involvement, based upon the fact that appellant was pursued and apprehended on that date, and the fact that appellant was shown to have been in possession of a revolver. It is well settled that unrelated criminal conduct of an accused is generally inadmissible to prove his commission of the crime for which he is being tried. Commonwealth v. Styles, 494 Pa. 524, 527, 431 A.2d 978, 980 (1981). Nothing in the record, however, indicates that appellant was pursued on July 16, 1980 as a result of having committed a crime on that date, and the revolver proven to have been in appellant's possession was not shown to have been used in the commission of any crime.

Even assuming, arguendo, that testimony as to appellant's arrest on July 16, 1980 raised some suggestion of criminal activity unrelated to the Singleton homicide, there is no merit to the contention that the shotgun, and all testimony relating to July 16, 1980, should have been suppressed. The evidentiary value of showing that appellant was, three months after the Singleton shooting, in possession of the murder weapon greatly outweighed any possible prejudice to the defense. See Commonwealth v. Travaglia, 502 Pa. 474, 492-493, 467 A.2d 288, 297 (1983) (exceptions to general rule of inadmissibility of evidence of other crimes). Evidence of the shotgun, and of the events of July 16, 1980 linking appellant to that weapon, served to identify appellant as the perpetrator of the murder for which he was being tried, and supported the testimony of two eyewitnesses who indicated that appellant committed the Singleton murder.*fn2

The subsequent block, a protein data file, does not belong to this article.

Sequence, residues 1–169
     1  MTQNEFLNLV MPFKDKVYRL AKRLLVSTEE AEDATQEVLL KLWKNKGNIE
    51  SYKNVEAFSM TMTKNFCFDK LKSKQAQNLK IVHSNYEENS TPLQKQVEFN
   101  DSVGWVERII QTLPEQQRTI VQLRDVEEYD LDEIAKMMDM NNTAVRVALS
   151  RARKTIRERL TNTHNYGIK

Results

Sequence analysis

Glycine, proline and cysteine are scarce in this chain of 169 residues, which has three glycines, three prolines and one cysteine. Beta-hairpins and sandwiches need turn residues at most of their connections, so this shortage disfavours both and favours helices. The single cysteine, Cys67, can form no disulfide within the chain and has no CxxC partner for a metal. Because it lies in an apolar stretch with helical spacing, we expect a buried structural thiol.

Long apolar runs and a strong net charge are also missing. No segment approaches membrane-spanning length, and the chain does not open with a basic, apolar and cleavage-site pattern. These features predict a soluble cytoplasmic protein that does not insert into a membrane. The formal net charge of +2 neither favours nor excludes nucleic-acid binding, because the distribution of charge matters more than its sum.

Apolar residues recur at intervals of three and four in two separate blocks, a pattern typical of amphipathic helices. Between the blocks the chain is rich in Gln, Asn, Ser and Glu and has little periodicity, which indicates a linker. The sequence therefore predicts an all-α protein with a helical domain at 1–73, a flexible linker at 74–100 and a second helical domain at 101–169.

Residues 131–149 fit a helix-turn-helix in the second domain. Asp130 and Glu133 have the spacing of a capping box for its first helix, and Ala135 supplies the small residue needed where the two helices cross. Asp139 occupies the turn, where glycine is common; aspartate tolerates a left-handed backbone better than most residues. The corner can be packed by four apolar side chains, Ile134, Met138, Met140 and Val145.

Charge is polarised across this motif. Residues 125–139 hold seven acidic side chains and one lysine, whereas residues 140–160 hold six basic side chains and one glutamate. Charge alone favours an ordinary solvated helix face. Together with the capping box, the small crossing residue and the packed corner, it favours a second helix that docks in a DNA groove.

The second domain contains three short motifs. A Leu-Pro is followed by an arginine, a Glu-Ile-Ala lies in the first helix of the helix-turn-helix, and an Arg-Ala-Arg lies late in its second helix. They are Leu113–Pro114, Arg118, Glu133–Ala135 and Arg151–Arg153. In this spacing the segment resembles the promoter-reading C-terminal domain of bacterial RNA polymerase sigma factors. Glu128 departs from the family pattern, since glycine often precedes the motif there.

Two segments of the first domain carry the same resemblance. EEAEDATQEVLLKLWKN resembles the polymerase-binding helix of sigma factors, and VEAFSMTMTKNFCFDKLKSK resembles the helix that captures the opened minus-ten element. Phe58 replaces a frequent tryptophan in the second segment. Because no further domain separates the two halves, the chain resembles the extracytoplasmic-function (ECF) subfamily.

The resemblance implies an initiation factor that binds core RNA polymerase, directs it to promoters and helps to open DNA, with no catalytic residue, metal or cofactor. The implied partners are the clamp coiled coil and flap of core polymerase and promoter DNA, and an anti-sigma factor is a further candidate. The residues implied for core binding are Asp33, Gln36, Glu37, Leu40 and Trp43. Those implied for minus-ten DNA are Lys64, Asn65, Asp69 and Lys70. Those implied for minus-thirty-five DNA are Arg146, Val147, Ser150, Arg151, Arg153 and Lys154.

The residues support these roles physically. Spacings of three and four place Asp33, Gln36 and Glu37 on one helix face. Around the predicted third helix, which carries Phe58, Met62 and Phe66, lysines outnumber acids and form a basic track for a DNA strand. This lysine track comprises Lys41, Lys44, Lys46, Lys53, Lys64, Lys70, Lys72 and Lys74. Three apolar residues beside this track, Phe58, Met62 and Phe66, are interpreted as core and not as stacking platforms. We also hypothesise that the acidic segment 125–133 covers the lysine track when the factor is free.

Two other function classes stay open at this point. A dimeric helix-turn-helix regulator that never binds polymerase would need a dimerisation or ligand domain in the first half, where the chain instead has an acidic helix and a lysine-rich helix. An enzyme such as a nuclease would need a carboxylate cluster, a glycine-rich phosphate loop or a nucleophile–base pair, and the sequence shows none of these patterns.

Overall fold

Further, appellant should not be heard to complain of the jury's being informed of the revolver, for it was the defense which first elicited, during cross-examination of a detective, the fact that the revolver existed, as well as the fact that the revolver was found near the shotgun. See Commonwealth v. Sisco, 484 Pa. 85, 88, 398 A.2d 955, 957 (1979) (no error where defense introduces the allegedly objectionable

[ 505 Pa. Page 285]

    evidence first); Commonwealth v. Cain, 471 Pa. 140, 156 n. 11, 369 A.2d 1234, 1242 n. 11 (1977) (Opinion in Support of Affirmance); Commonwealth v. Alston, 461 Pa. 664, 667, 337 A.2d 597, 598 (1975); Commonwealth v. Bell, 417 Pa. 291, 294, 208 A.2d 465, 467 (1965). Once the defense had elicited testimony regarding the revolver to advance its theory of the case, that someone other than appellant placed weapons on the roof, the prosecution was not required to refrain from rebutting that theory, and, hence, was entitled to show that the weapons recovered from the roof were ones that appellant had possessed shortly before his arrest. See Commonwealth v. Brown, 489 Pa. 285, 302 n. 6, 414 A.2d 70, 78 n. 6 (1980); Commonwealth v. Clark, 454 Pa. 329, 336-337, 311 A.2d 910, 913-914 (1973). Thus, by introducing testimony as to the existence of a revolver upon the roof, the defense opened the door for the prosecution to rebut the inference thereby created.

Appellant's next claim of error is that the shotgun used in the Singleton homicide was transported into the courtroom in a box which the property custodian had labeled, in what was claimed by defense counsel to have been one-inch high letters, "Police shooting, homicide of police officer." The box was placed on a table allegedly six feet from the nearest juror, but as soon as the label was discreetly brought by defense counsel to the attention of the prosecutor it was immediately covered.

During a recess, defense counsel moved for a mistrial,*fn3 whereupon the trial court examined the box and determined that its label was not ...